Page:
Summer 2018

Wow, it’s been a few months since I made a post.  My goal was once a month, and I’ve clearly neglected that; Darn!

At the end of May, we went on a big family vacation to see Chris’ mom and dad.  We started off with a long weekend in Colorado with his mom, her husband, his sister, his brother in law, and their baby.  We got to see his mom’s new custom-built house, (BIG and BEAUTIFUL), and see our niece for the first time since her birth (we got to meet her the night she was born, how lucky!).  The house was just unbelievable, his mom and her husband, Jim, put a lot of manual labor into it.  Jim is the main builder on it, and has some hired helpers to assist.  We got to see all the kids’ rooms, downstairs, see the layout of upstairs with a beautiful kitchen and fireplace, and walk on the wrap around porch!  His mom lives in rural Colorado, close to an Aunt and Uncle from his dad’s side, so we got to see them too (I love them, dearly!).  We stayed with them, in their custom built house with an alpaca farm, and enjoyed lots of family time.

Then, we were off to Oregon to meet up with Chris’ dad, his girlfriend, her kids, and Chris’ siblings + spouses + kids.  We have two nieces, and we got to meet the eldest for the first time on this vacation!  His dad rented a beautiful house on the coast with a gorgeous view of the ocean, and we spent 4 nights/5 days there.  We saw LOTS of beaches, relaxed in the outdoor hot tub, and had a lot of fun family meals.  Unfortunately, his dad’s girlfriend’s father passed away while we were there.  It was not completely unexpected, and there was a beauty in that Oregon was the last state for him to visit, and the family really felt we took him there in his last moments.  It was so hard, but I’m glad we were together to help support his family, which is really our family; He was a kind, generous, welcoming man, who always made Chris and I feel like grandkids of his own.  Chris’ dad’s girlfriend, Jen, has been in my life as long as Chris has.  She is also kind, and loving, and I consider her family.  The vacation was certainly bittersweet and memorable.

June was a fairly quiet month for us, though I signed us up to host a foreign student through Compass USA!  I got to read through applications, and select a student, so I chose the only vegetarian young man, named Unai.  He is starting his last year at school, and hoping to go to university for physics next year.  He arrived the last week of June, and stayed for four weeks.  He was extremely polite, and a very good kid.  We got really lucky in that we were never required to “parent” him – never had to ask him to clean his room, put his phone away, etc.  He made his bed everyday, and I had to pry preferences from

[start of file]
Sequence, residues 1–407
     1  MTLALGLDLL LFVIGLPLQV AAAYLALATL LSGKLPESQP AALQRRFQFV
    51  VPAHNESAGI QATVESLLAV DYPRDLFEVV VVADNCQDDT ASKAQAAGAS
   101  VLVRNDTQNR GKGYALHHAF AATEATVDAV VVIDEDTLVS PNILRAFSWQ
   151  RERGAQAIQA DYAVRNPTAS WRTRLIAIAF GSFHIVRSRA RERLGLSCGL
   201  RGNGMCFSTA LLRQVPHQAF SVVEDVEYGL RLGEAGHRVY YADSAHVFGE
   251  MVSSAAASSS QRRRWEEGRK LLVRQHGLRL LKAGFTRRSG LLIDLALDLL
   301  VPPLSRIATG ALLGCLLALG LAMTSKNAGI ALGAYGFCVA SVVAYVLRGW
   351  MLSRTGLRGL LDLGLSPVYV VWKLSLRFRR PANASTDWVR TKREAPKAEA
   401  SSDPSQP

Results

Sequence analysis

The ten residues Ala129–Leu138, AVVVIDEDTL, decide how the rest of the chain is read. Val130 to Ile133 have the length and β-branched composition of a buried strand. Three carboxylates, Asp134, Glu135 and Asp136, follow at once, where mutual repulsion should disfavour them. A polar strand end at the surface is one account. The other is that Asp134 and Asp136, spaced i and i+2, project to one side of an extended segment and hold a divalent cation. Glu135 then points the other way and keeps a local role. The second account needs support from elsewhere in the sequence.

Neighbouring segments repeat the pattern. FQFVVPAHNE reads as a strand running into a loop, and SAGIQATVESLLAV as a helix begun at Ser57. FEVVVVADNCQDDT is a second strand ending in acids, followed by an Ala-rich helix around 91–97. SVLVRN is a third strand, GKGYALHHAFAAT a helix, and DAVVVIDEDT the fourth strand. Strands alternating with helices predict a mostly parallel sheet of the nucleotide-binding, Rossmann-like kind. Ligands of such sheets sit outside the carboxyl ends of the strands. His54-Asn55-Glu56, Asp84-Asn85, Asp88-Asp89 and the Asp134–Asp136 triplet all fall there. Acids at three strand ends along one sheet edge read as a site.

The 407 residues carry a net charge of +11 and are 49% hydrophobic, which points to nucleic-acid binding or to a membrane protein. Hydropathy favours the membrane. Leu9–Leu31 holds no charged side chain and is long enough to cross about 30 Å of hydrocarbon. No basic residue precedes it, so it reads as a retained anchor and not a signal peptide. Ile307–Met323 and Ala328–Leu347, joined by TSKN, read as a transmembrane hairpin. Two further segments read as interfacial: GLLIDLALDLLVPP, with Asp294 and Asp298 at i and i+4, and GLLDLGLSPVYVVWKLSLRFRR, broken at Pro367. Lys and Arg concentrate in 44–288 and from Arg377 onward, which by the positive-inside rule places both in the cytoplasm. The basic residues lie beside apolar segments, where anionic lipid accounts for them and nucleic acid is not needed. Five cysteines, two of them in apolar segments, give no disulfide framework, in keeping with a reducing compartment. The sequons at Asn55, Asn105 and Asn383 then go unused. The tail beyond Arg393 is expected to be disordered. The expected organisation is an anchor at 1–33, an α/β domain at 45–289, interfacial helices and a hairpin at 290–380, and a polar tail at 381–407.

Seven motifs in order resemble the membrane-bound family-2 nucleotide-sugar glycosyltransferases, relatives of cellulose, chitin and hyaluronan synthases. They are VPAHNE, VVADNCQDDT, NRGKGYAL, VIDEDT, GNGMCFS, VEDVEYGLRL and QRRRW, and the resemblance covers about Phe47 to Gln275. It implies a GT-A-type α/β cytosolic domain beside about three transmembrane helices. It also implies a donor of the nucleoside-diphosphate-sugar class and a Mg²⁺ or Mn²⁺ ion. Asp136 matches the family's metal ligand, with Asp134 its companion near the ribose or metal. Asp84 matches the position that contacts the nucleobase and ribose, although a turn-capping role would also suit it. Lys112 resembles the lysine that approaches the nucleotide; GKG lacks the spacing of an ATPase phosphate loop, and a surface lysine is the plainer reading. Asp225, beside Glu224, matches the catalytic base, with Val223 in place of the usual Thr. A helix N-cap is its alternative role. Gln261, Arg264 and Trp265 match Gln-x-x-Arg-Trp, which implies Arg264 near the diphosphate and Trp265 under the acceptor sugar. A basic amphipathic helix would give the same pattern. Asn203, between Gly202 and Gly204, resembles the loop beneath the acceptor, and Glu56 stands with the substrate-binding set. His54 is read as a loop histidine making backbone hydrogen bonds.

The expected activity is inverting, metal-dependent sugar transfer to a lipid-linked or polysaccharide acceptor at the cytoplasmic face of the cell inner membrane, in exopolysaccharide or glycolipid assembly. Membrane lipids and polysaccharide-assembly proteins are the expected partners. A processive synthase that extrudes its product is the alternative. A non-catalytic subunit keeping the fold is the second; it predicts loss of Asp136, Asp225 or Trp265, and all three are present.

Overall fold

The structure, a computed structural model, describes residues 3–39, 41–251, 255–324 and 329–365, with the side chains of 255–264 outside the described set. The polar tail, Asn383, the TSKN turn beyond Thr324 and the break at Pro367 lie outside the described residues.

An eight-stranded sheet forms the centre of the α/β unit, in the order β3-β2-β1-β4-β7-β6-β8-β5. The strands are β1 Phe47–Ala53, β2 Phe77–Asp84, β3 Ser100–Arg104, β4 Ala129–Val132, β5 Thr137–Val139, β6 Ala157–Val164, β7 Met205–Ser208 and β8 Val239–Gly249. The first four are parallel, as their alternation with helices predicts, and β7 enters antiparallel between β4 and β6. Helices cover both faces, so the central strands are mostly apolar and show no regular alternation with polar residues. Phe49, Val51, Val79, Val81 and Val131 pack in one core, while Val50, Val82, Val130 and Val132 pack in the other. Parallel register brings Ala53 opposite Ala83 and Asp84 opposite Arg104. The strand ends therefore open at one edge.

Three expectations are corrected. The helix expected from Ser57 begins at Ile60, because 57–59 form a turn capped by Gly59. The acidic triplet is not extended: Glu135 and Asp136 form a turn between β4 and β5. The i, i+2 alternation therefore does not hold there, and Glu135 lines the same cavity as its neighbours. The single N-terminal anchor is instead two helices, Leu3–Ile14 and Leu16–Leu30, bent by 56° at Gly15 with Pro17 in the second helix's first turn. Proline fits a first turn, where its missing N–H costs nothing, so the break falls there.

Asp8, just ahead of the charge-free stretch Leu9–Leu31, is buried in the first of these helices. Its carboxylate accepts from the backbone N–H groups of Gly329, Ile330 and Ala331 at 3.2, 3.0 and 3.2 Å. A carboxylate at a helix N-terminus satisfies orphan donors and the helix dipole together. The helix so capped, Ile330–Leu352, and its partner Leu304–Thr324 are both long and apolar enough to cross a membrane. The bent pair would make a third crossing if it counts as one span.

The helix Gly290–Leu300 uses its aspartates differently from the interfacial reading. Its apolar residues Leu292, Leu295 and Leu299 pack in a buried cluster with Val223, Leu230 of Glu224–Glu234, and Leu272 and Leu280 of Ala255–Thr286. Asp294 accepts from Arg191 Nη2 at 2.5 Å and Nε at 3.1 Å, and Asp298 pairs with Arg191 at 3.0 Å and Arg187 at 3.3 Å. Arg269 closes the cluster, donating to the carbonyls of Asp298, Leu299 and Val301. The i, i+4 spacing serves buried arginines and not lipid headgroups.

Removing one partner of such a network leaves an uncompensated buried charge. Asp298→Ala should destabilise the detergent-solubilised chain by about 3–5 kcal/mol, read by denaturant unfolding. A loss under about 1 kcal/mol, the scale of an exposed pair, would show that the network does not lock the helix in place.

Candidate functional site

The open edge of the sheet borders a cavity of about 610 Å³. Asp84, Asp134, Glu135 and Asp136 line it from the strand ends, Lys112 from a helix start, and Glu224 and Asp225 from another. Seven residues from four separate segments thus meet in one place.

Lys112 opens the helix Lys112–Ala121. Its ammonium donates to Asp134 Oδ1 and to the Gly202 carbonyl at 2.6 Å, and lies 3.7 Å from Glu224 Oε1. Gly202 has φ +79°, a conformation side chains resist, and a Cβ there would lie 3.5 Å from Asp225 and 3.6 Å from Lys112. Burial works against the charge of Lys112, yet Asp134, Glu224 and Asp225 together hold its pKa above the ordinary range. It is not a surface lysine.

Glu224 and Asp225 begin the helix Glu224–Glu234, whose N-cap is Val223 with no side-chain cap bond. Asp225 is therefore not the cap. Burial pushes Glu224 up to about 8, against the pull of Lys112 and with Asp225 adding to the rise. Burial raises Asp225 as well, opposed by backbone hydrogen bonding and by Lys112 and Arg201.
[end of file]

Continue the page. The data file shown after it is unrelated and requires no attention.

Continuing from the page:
Unai cutting the Spanish omelet (that’s fake bacon on his plate, yum!)

him because he was always so agreeable!  Part of the program was the students had activities and field trips planned on most weekdays, then the host parents would have weekends for activities.  The meeting point for the students was ~45 min away from our house, so unfortunately we had to drive a lot on weekdays bringing him back and forth.  We talked a lot on those drives, and it was a great opportunity to get to know him.  He never complained, and was always ready in the morning on time!  On weekends, we took him camping, hiking, I hosted a small party for my co-workers and asked him to invite friends from the program, and tried to do American stuff.  He watched the first Lord of the Rings movie with me, and read Harry Potter and the Sorcerer’s Stone in English.  He taught us how to make a Spanish omlet (SO GOOD), and taught Chris and I about responsibility and working together.  As a child-free couple, we have A LOT of freedom, and you may be able to imagine what a BIG change it was for our household, even though our student was so easy to host.  Thankfully, we worked through the change well, and Chris really stepped up to help out when I needed him.  I was gone for Unai’s last weekend with us, at a sorority conference, so Chris handled driving Unai to a friend’s house and managing his whereabouts.  Unai and I cried when we parted for the last time; I gifted him the second Harry Potter book in American English, and he gifted me a Nightmare Before Christmas tote he had purchased on their trip to NYC.  I was so impressed with how thoughtful the gift was, and how grateful I was to meet him, share my culture, and learn about his.